And, with regard to Spring-Heeled Jack's comment: 'Thou Shalt Not Kill' also falls under the headway of intent. If one wishes to cause harm to another and murder someone in cold blood or for revenge, then they have sinned because their intent was to do harm. For someone who is in war, almost every soldier I have known does not want to kill their enemy if possible. They would rather capture a surrendered enemy than not. When most do kill an enemy soldier the first time, it is more often than not in self-defense. The same goes for police officers in the line of duty. They typically do not go for a headshot when firing. They are trained to go for the central mass, but more often than not they don't kill someone with a single shot. Many die due to bleeding or shock, or other injuries sustained while trying to either resist arrest, or trying to attack an officer.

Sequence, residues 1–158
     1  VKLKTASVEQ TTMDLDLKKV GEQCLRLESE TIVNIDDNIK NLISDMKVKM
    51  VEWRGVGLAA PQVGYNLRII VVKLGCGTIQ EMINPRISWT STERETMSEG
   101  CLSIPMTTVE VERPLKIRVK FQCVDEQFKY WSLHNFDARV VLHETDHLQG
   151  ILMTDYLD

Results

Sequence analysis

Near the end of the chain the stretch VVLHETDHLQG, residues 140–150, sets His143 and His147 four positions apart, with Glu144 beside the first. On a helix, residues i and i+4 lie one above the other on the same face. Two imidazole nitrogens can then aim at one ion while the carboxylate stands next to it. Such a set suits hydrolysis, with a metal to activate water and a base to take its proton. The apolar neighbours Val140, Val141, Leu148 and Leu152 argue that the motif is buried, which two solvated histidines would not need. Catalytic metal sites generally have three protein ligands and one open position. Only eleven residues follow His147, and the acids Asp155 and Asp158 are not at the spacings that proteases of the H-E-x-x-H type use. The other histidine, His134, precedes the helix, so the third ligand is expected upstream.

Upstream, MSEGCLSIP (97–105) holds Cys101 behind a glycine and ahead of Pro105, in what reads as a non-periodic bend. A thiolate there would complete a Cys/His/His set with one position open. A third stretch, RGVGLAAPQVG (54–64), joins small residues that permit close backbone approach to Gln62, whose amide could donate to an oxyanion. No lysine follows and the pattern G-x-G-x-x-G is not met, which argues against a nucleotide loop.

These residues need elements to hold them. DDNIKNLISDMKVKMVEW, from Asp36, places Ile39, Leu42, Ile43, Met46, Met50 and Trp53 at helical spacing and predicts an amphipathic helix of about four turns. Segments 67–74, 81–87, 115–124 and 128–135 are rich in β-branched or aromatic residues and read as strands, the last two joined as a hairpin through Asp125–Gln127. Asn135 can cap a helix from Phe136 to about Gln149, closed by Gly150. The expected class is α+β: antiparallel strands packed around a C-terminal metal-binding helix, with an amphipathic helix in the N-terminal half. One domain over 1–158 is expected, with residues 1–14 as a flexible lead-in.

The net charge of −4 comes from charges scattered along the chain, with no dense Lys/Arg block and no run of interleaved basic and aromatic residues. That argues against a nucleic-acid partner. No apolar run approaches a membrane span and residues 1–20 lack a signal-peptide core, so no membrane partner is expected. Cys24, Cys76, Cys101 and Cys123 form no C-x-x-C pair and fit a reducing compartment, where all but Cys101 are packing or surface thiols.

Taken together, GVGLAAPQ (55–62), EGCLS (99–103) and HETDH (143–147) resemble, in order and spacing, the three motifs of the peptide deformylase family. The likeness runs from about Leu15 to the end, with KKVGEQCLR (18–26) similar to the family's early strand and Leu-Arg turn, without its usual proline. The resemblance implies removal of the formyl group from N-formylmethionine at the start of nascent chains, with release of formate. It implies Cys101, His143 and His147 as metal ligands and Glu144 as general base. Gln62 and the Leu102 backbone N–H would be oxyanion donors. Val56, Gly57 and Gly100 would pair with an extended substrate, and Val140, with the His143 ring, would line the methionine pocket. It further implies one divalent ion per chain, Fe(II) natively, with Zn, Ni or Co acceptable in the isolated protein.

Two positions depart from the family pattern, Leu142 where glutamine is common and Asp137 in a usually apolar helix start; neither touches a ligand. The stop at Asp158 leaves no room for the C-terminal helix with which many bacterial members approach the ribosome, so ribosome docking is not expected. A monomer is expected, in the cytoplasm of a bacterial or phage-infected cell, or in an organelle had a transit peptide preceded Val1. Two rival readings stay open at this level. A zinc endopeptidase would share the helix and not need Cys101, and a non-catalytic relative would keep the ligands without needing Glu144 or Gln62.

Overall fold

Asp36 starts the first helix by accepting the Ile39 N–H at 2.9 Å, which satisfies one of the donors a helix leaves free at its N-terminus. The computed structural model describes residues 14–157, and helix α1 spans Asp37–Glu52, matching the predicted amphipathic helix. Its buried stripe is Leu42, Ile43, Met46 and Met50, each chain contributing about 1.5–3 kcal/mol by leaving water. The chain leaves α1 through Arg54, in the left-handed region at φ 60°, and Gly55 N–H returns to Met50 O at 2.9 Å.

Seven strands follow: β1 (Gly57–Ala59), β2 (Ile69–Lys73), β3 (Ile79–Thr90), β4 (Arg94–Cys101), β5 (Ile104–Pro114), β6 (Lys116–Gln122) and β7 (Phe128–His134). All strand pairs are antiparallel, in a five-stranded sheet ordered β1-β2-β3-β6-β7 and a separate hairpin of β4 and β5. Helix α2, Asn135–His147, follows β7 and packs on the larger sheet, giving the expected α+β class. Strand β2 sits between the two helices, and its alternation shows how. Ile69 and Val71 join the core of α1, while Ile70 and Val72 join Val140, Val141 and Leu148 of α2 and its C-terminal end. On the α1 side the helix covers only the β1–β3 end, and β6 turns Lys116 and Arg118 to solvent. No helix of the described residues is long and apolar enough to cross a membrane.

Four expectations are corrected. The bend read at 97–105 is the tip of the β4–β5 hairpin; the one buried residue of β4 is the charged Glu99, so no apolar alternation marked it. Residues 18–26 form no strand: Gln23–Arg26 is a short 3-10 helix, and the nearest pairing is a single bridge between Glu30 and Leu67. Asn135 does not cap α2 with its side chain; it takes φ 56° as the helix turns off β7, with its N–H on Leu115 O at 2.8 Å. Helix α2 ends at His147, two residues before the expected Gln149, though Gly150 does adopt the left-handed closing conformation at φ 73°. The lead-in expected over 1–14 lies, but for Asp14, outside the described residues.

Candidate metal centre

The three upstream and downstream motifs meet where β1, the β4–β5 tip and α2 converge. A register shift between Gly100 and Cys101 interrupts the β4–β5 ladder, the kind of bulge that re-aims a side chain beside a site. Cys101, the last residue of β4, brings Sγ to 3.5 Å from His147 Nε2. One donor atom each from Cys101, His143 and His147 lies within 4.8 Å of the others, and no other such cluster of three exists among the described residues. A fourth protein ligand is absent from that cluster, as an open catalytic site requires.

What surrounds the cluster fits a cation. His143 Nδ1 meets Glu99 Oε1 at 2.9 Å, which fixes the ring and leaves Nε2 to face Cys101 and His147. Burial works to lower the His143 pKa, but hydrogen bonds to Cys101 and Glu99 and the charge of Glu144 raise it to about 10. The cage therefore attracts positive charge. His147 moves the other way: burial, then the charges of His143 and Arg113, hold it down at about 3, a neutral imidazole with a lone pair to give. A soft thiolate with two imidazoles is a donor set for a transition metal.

The best explanation I have heard of the differences between Old Testament and New Testament nuances is an analogy of a fence. If a person has a child who is too young not to walk out into traffic, a fence keeps the child within the bounds of the yard due to a strict enforcement. It doesn't matter if the child lost their ball over the fence, or someone called them from the other side of it to play. They would be unable to leave the yard without help at such an age. The laws of the Old Testament are rigid and not based on intent, but rather actions. If you violated a law, you sinned, plain and simple. You stumbled and failed a lot trying not to break the laws, but so long as you didn't actually kill someone, you could still picture doing it in your mind and be alright. In the New Testament, the fence was removed. Now the child is a teen and can go out of the yard when they wish. They can cross the street to greet old friends, they can visit the neighbors, etc. If the teen goes out of the yard to cause mischief, their intent was the sin, not the act of leaving the yard. Now, if you have murdered someone in your heart, pictured them dead in your head, your intent is foul, and you have sinned. To imagine it for a brief moment is a temptation, but to throw the thought aside is not to give in. Thoughts may come at random, but dwelling on a thought, toying with ideas, that is intent. Drawing up plans for robbing a bank, even if you get caught, is still the intent to rob one. If you were to destroy the plans and never attempt them, then you have realized the error of your intent, and have worked to resolve it. Asking for forgiveness should follow, and the intent is washed away in God's eyes as if you never had drew up the plans.